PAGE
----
Biden’s Chinese Doctrine

As Biden was sworn in as the 46th President of the United States on January 20, 2021, he resumed a cataclysmic course of events – from the devastating wave of Covid-19 to pressing issues like climate change, inequality and the racism.

He inherited four years of escalating trade tensions with China, leading to a bitter trade war and the sanctioning of Chinese tech companies. Now all eyes are on Biden. Will he continue the painfully hawkish policies of the Trump era, or will he adopt a conciliatory policy of engagement with China?

Many are hopeful that the president tidies up the mess and establishes the rules of engagement, but it seems that while Biden may appear less belligerent, he is tough on politics, taking coercive action and building strategic alliances to counter China.

Biden, like his predecessor, is primarily concerned with cybersecurity, the protection of US user data, national security, the revitalization of the US economy, and human rights issues in Taiwan, Hong Kong, and Xinjiang. In its first six months, his administration continued Trump’s coercive policy of banning business with Huawei and a long list of tech companies, blacklisting them for national security reasons. He also urged other governments to remove Chinese technology from their next-generation 5G telecommunications system. He sanctioned Chinese and Hong Kong officials for Beijing’s repressive policies in Hong Kong and left Trump-era tariffs in place, testing optimism that US-China relations would improve under his tenure.

Much to the dismay of many, the Biden administration officially affirmed the Trump administration’s label of “genocide” applied to the persecution of the Uyghur minority in Xinjiang and consequently banned imports of solar panels from Xinjiang in due to allegations of forced labor reducing relations with Chinese companies further. In a calculated move, the United States garnered support from allies like the UK, the EU and Canada to exert maximum influence and sanction China on so-called human rights issues. Biden’s crackdown on China has tarnished the hopes of Chinese companies and disappointed investors who hoped the deteriorating relationship would improve under Biden.

China retaliates with a counter-retaliatory approach. He denied any cooperation in the investigation into the origin of the Covid-19 epidemic, stepped up military incursions into Taiwan’s airspace and continued his actions in Hong Kong.

The Biden administration has based its doctrine on the belief that China is “less interested in coexistence and more interested in domination” and the task of US policy is to blunt Chinese ambitions. Beijing urged Washington to stop “demonizing” China and change its “misguided and dangerous” policy, which is a thinly veiled attempt to contain and suppress China.

US Deputy Secretary of State Wendy Sherman, during her first major meeting of the world’s major economies in China, raised questions about media freedoms, cybersecurity, human rights in Hong Kong and the Xinjiang and China’s military action in the Taiwan Strait and South China Sea claims. Beijing has demanded the lifting of sanctions against Chinese officials and visa restrictions on Chinese students, as well as an end to the “suppression” of Chinese companies. Both seek constructive ways of engagement and responsible management of US-China relations after the turmoil of the Trump years.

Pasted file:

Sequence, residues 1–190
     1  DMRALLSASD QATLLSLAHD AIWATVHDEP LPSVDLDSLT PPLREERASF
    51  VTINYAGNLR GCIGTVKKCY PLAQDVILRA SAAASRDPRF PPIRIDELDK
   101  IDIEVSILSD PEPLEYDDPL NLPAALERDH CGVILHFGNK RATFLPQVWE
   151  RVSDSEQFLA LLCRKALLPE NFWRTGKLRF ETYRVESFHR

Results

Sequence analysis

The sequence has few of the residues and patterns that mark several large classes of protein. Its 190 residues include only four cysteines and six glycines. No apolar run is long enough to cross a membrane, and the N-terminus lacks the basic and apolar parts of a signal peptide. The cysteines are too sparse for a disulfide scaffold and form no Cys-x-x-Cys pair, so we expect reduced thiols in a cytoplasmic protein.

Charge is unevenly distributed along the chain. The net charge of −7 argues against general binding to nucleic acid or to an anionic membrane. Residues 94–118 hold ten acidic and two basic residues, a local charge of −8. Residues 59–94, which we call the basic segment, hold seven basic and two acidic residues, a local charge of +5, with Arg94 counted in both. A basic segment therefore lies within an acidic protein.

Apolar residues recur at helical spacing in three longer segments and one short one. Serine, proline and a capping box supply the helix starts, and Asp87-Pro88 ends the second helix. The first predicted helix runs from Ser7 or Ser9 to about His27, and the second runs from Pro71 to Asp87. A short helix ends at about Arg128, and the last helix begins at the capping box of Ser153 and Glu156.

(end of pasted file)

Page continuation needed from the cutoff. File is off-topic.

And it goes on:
Despite these frictions and resentments, it is difficult to disentangle the two largest economies in the world. Imports and exports are at a high rate and China asserts its authority to dominate critical technologies – some analysts say “globally”. The Chinese economy is set to become the largest in the world within 10 to 15 years, with investment in research and development increasing dramatically. The number of countries trading with China is greater than that of the United States; they are now looking to China for their prosperity. Businesses and financial institutions are opposing a firm position and pushing for a relaxation of import and export controls.

America can’t contain China like it did with the Soviet Union, experts say, so Biden wants to counter China’s influence by increasing America’s influence. Biden’s emerging strategy is to restore America to greatness and invest in itself so that it can deal with China from a position of strength. Therefore, the US Innovation and Competition Law 2021 was passed in June to increase funding for the US tech industry to compete with Chinese tech supremacy. To counter Chinese influence diplomatically, economically and militarily, the Strategic Competition Act 2021 was enacted to support the United States’ global leadership role by considering further assistance to Indo-Pacific countries. to counter the Chinese Belt and Road Initiative (BRI). Likewise, Build Back Better World or B3W, a response to China’s BIS, was recently announced at the G7 summit by Biden.

The challenge is to keep the relationship in the realm of competition, not conflict. While there can be cooperation on climate, trade is not impossible. Instead of trumpeting the Chinese threat bandwagon, Biden must forge partnerships, resuscitate the multilateral system, invest domestically, end protectionism, and be the leader of an open global economy that constructively engages with an emerging economy of the world.

The author holds an LLM in International Economic Law from the University of Warwick.

E-mail: [email protected]

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